I noticed the default administrative port 8443 is using a weak ephemeral Diffie-Hellman public key exchange: prone to logjam-like vulnerabilities. So, I tried to change the cipher suites this port has associated, but as Policy manager itself uses this communication channel (port 8443), when I tried to apply the changes in “Manage Listen Port” > “8443” >Properties SSL/TLS
Policy Manager states “Unable to modify the listen port form the current admin connection” (actually, it had sense, it´s kind a bootstrapping condition)
How to change the 8443 configuration of TLS in order to work with a most secure set of cipher suites?, and also to work TLS1.2? And what is necessary to do in the Policy Manager to be able to connect to the new configuration?
Connect to Policy Manager on port 9443, and then you’ll be able to edit 8443 properties…
Sam Ucich | Sr. Principal Consultant, CA API Management
603.548.3841 | firstname.lastname@example.org
Thanks a lot, just myGateway.com:9443
From services we do recommend that we segregate out the ports like so:
8443 – only processes requests and that’s it.
9443 – We suggest to leave it as is
8080 – Processes http requests only
Create 2 new ports – Doesn’t have to be these port numbers.
7443 – Policy Manager access only
8180 – Ping port only
CA Technologies |885 West Georgia Street Ste 500 | Vancouver, BC V6C 3G1
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I prefer a slightly different setup where I create a new listen port 10443 with an external redirect from 443 which only has services (and WSDL service) enabled. On the external firewall we only open 443 to the gateway. This way you don't risk someone leaving the default config and having the Policy Manager accessible externally. Added benefit is that you don't have to enter the port number in the Policy Manager since 8443 is the default.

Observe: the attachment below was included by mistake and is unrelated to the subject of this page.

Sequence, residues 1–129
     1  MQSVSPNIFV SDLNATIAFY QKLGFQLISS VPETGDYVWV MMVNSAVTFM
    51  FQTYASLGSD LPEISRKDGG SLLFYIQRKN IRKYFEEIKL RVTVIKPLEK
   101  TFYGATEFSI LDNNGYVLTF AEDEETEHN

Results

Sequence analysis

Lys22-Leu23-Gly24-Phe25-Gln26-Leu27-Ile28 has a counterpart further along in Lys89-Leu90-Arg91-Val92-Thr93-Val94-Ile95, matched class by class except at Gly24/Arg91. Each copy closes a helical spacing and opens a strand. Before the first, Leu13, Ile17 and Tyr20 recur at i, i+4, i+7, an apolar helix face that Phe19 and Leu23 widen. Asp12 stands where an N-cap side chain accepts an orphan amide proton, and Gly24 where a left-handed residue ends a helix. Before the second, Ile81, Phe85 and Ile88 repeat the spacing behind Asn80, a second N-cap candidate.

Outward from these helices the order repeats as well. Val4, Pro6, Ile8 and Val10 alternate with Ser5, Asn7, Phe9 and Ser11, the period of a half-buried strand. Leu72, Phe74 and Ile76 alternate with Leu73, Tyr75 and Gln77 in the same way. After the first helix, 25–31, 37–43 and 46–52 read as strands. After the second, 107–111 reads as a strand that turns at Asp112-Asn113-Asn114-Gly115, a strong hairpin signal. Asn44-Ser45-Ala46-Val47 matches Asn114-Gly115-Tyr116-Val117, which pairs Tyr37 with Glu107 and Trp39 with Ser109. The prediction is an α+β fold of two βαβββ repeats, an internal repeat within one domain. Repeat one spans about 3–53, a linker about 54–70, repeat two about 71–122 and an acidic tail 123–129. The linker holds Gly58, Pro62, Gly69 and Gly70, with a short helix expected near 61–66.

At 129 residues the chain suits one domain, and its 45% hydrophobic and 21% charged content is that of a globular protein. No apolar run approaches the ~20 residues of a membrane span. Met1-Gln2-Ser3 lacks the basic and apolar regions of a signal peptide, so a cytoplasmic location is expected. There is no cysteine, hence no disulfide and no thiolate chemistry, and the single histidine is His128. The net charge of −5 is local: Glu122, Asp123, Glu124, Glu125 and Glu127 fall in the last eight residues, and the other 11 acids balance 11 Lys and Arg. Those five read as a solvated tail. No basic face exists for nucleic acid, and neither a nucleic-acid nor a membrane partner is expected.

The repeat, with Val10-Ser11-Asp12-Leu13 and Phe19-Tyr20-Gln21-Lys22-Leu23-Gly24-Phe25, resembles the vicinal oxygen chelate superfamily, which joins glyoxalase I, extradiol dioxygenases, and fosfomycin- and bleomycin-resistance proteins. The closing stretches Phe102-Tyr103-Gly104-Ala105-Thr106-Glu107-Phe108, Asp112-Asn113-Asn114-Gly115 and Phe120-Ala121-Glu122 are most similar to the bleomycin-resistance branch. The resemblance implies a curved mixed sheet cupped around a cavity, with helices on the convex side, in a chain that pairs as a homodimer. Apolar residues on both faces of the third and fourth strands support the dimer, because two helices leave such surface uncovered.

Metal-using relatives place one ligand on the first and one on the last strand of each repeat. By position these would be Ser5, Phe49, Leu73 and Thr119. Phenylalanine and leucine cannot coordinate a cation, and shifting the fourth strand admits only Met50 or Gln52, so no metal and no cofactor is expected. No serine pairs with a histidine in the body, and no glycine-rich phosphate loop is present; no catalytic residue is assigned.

And in addition to this I apply as best practice (and default setup) that you use 3 interfaces (although many of our smaller customers don't have separated network segments to support this) :
That way you can bind the Policy Manager port to eth0 only and make sure outside access is never possible.
Of course don't forget to disable the Policy Manager option from the default listen port configuration on 8443 if you do use that port for service access.
You cannot modify the properties of a port on which you are currently connected. You therefore need to log into the gateway on port 9443 (for example), then modify the 8443 properties.
Create a 9443 listen port to log into:
Log off then log back in using this port:
Logged in on the 9443 port, you can now modify the 8443 port properties.
To enable TLS 1.2 on the CA API Gateway:
Just as an aside for other readers: Port 9443 exists on the API Gateway by default and exists expressly for this purpose. It is not recommended that the default ports be removed as it will inevitably require it to be re-added to make changes such as this. I believe that port 9443 is still present on this particular system but is just partially obscured by the dialog box. The default ports for the Gateway are: 8080, 8443, 9443, 2124.
myGateway.com:9443 is just an example. Of course, you'd have to use your own gateway domain.
VCSOFT: The discussion has moved a bit off-topic. Do you feel that the original request has been answered? If so then could you please mark it as answered and we can move this discussion to a new thread? Thanks!
Hi all !
Following VCSOFT question, I have an issue after upgrading TLS version support of the Gateway (from TLS 1.0 to 1.1).
I just changed the TLS version support in "Manage Listen Ports" menu (nothing about cipher suites). Then I was unable to connect using my user certificates (connect to Policy Manager or get requests from SOAPUI) -> SSL/TLS Handshake Error.